Web discount firm Groupon 'broke advertising laws'
UK regulators could force US company to drop some of its eye-catching deals
Saturday 03 December 2011
The online discount firm Groupon could be forced to drop some of its most eye-catching deals after it was revealed the voucher provider has broken advertising laws almost 50 times this year.
Groupon has been referred to the Office of Fair Trading (OFT) by the Advertising Standards Authority (ASA). It has now emerged that the OFT had already been secretly investigating the site since July.
The US-based website, which offers people reductions on anything from theatre tickets to cosmetic surgery, has several hundreds of thousands of subscribers in the UK and currently boasts a market value of $12.7bn (£8.1bn).
Three areas of complaint against the company are now under investigation – that it exaggerates claims of savings, that it does not provide evidence that offers are available, and that it fails to conduct promotions fairly with clear terms and conditions.
The ASA said it was "taking this approach because, given Groupon's track record, we have serious concerns about its ability to adhere to the Advertising Code". The OFT confirmed it was "considering whether Groupon is complying with consumer protection legislation, including in relation to certain of its advertising practices".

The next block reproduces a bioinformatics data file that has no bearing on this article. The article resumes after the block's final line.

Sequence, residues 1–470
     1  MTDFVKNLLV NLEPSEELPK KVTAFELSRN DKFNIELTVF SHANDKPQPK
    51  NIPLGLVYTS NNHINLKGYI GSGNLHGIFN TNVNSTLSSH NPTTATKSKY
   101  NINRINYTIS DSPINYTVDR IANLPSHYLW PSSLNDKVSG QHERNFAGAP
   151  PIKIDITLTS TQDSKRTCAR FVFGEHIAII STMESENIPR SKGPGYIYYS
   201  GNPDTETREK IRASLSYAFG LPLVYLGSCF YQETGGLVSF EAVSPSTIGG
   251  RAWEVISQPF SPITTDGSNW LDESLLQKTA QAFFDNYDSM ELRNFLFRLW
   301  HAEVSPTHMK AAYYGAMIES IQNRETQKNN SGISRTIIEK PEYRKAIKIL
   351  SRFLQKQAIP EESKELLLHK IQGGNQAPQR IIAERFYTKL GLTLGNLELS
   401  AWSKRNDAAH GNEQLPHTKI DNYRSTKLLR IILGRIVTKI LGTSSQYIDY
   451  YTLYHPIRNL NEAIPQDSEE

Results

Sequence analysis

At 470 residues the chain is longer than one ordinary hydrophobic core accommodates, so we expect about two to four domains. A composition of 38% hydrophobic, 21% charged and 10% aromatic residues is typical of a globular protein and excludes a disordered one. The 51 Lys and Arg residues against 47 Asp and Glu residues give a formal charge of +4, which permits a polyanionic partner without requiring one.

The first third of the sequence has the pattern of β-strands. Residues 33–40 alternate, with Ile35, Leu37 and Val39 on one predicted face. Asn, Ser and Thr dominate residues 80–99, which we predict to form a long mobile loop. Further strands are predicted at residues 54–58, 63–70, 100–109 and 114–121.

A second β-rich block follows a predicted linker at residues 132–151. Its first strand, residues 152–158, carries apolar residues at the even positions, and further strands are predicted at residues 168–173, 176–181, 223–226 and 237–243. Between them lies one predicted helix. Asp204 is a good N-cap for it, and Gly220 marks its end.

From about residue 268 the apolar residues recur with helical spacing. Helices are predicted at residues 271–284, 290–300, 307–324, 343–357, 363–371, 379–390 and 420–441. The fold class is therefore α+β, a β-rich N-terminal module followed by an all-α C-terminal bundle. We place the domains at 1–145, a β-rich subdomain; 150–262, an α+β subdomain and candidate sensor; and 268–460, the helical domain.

The ASA deals with specific complaints about existing adverts and is able to ban them from appearing again. The OFT, however, has the more far-reaching power to obtain court orders obliging companies to change their business practices.
Areas in which it could potentially take action include those against firms implying levels of discount that are unobtainable, for example, or promoting offers as time-limited when in fact they are not. Heather Dickinson, a spokeswoman for Groupon, said: "Groupon constantly strives for business practices that are in the best interest of consumers... We are cooperating fully with the OFT to ensure that the rights of consumers are protected."
To support the argument for her case, Ms Dickinson pointed to a survey which said that 75 per cent of active subscribers would recommend the website.
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Organisers of a Christmas grotto complained about Groupon after they had to tell legions of angry customers their vouchers for a magical train ride were not valid. The furore even caused one of its elves to resign.
Penny Ward, who set up the attraction in York, said she informally agreed to use the website's services, but was then inundated with 2,000 families, despite never signing a contract or mentioning a train ride.
Groupon maintains that she agreed to the deal in both an email and a phone call.
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